Founded in 1959 by Frances Askew Davis, the 17-member Fillies Club began their history of volunteer service to the Kentucky Derby Festival. From crowning the first Derby Queen at the Official Derby Ball, the group has grown to an active membership of 250 and was incorporated as a nonprofit organization in 1971.
Today, the Fillies, Inc., publishes the Festival’s Official Program, coordinates the Derby Festival Princess Program, creates the Queen’s float for the Pegasus Parade and still produces the Fillies Derby Ball.
The Coronation Ball had been held for two years before the current producing body took its reigns. The Fillies, Inc., was first organized as a club in 1959 to give Kentucky a lavish ball as the backdrop for the coronation of the Kentucky Derby Queen and her court. Then 17 women led by Mrs. Davis planned an elaborate setting of oversized red tarleton roses and jeweled crowns for their first ball. The only rules of membership at the time were for all ladies to work on the ball, further the fame of Kentucky and place a $2 bet on any filly entered in the Derby.
A spin-of-the-wheel, which is still practiced today, sent one girl to the throne to rule, with her court of four, over the Derby week festivities. Now for more than two weeks, the Derby Festival Queen and Court reign over more than 70 events and serve as ambassadors for the Festival, the Kentucky Derby and the Greater Louisville area at its most exciting time.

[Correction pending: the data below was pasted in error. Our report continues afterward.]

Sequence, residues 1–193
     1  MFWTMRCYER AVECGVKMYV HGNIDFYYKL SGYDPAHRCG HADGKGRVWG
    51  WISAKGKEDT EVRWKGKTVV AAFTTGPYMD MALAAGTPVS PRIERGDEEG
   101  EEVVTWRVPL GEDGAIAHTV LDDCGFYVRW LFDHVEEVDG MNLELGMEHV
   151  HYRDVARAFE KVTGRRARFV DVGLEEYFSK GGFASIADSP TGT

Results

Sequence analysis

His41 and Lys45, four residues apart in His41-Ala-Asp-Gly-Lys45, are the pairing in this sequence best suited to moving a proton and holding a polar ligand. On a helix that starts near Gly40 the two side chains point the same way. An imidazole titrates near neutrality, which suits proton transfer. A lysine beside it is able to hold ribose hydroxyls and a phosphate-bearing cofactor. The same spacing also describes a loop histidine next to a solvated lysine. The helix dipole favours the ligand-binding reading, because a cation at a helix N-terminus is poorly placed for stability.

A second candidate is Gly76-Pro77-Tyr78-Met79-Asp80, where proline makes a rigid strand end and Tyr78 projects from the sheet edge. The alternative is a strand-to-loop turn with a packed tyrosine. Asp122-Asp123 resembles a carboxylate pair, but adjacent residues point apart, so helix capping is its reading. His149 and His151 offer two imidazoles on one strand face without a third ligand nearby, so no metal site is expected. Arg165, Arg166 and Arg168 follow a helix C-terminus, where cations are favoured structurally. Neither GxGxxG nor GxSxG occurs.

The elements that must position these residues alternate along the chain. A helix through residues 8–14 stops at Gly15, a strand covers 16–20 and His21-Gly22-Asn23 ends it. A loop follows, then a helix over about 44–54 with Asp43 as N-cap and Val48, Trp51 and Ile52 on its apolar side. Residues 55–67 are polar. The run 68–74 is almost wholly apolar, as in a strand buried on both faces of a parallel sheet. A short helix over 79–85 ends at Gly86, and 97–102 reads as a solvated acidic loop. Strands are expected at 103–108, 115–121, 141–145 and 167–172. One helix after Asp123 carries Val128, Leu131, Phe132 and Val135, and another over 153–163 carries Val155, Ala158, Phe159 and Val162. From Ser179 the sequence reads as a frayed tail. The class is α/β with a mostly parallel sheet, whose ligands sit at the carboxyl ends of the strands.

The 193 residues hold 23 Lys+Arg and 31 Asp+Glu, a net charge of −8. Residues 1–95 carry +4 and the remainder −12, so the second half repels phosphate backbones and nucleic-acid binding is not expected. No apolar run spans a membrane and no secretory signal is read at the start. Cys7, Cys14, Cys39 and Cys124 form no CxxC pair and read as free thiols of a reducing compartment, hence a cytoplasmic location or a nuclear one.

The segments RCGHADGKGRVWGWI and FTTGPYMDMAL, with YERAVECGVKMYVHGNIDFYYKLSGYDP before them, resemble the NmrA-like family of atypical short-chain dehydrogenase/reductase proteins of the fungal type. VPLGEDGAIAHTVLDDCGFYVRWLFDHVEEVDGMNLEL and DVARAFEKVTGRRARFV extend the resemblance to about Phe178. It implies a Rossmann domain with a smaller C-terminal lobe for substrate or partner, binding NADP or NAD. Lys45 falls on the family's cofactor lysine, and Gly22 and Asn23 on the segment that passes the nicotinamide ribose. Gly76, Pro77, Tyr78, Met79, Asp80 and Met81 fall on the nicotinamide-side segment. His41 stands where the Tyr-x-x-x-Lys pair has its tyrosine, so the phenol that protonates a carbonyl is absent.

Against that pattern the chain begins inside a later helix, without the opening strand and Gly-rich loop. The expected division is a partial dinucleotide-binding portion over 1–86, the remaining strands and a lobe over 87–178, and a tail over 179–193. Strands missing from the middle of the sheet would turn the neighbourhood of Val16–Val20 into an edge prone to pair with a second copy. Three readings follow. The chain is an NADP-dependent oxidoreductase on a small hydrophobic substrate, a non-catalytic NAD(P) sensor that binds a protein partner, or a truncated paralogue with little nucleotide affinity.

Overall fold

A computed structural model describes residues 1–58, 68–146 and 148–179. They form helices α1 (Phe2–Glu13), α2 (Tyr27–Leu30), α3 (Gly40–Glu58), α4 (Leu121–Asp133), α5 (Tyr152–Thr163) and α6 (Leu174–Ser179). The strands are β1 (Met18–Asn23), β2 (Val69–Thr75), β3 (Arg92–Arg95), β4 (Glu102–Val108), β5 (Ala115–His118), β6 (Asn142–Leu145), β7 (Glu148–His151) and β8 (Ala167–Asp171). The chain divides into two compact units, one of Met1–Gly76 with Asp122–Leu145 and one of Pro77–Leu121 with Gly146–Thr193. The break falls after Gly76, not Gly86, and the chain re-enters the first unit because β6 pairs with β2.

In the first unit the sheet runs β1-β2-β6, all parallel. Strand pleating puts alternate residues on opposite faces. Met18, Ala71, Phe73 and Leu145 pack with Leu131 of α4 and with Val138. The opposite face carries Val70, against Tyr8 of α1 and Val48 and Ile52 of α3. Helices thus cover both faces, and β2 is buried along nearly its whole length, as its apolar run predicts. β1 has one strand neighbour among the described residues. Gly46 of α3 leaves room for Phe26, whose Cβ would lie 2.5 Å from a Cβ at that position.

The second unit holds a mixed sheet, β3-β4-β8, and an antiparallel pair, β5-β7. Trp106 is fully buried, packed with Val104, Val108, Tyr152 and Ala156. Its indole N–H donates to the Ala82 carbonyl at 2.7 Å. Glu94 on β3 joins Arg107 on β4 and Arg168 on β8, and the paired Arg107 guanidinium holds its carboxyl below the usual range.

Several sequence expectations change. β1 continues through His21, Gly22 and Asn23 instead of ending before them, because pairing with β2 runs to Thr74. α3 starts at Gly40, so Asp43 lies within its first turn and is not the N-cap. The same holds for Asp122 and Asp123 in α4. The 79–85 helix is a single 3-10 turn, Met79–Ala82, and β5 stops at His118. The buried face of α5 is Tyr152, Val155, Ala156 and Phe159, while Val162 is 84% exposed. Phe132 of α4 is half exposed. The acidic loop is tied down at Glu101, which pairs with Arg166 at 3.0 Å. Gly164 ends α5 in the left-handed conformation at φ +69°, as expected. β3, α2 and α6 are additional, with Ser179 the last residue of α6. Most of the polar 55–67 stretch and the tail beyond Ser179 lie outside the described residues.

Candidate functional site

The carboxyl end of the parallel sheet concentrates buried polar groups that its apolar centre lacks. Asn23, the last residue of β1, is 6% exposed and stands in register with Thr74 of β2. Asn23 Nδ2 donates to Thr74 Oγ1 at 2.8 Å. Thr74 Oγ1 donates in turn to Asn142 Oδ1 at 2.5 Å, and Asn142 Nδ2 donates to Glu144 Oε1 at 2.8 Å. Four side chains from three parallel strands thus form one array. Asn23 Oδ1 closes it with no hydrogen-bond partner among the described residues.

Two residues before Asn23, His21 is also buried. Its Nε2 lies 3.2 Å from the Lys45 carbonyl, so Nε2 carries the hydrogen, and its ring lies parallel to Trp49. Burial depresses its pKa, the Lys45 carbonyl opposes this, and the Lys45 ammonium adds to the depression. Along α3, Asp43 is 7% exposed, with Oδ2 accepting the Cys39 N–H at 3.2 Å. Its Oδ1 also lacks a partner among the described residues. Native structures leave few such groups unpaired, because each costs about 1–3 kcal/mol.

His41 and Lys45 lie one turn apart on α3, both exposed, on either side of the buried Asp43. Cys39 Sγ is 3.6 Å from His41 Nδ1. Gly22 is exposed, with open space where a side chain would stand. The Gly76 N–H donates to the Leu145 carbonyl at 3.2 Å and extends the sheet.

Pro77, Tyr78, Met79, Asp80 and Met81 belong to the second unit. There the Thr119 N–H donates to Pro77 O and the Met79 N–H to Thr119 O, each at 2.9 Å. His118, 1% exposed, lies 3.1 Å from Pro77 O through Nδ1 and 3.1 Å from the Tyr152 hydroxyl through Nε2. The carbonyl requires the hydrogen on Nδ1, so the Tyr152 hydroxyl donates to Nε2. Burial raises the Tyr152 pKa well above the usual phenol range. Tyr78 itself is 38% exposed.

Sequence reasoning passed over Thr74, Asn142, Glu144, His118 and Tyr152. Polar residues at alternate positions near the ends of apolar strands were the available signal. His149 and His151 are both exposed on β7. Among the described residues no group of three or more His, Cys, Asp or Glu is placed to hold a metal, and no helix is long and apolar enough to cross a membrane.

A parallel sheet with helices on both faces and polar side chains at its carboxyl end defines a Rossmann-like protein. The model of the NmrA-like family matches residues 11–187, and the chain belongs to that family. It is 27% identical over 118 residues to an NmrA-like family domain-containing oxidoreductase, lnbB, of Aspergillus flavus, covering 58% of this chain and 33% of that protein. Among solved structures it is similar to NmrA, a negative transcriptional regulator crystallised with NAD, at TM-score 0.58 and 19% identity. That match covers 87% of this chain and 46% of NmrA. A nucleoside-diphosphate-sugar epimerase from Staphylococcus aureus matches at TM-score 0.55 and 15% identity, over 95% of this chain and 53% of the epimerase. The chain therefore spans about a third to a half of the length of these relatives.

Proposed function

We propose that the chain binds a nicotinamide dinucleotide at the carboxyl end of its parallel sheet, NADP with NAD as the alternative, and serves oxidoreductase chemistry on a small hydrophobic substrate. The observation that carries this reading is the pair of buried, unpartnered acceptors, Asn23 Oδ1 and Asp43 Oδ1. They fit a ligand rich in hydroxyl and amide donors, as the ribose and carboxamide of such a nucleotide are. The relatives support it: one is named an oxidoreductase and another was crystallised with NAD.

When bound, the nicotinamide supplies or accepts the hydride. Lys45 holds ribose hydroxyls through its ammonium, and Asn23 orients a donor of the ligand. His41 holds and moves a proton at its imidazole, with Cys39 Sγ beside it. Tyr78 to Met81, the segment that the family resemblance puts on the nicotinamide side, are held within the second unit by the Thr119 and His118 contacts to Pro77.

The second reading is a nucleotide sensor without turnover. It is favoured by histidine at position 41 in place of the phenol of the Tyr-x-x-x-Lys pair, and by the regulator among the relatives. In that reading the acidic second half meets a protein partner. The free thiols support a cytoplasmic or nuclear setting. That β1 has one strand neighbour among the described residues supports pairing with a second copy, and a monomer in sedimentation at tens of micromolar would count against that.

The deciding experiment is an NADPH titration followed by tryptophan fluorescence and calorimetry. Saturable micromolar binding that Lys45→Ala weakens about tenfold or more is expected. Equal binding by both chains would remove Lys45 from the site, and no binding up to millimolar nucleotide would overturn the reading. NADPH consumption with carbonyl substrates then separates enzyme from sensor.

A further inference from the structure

Also begun at the first Fillies’ Derby Ball was the induction of Knights and Dames to the Royal Court of Pegasus. Outstanding Kentuckians were chosen for their service to the community to be “knighted” by the incoming Queen. This practice now includes the induction of the outgoing Fillies President and the outgoing Derby Festival Chair, with one member of the community at large selected by the Fillies membership.
The Fillies crest was designed by Mrs. Davis and still serves as the logo for the organization. It consists of 15 stars (representing Kentucky as the 15th state in the union), two fleur-de-lis (representing the City of Louisville), a red rose for the Kentucky Derby and a Pegasus, the swift horse from Greek mythology that serves as a symbol of the Derby Festival. The crest is the centerpiece of the Queen’s royal robe, on display at the Kentucky Derby Museum when not being worn by the reigning Queen.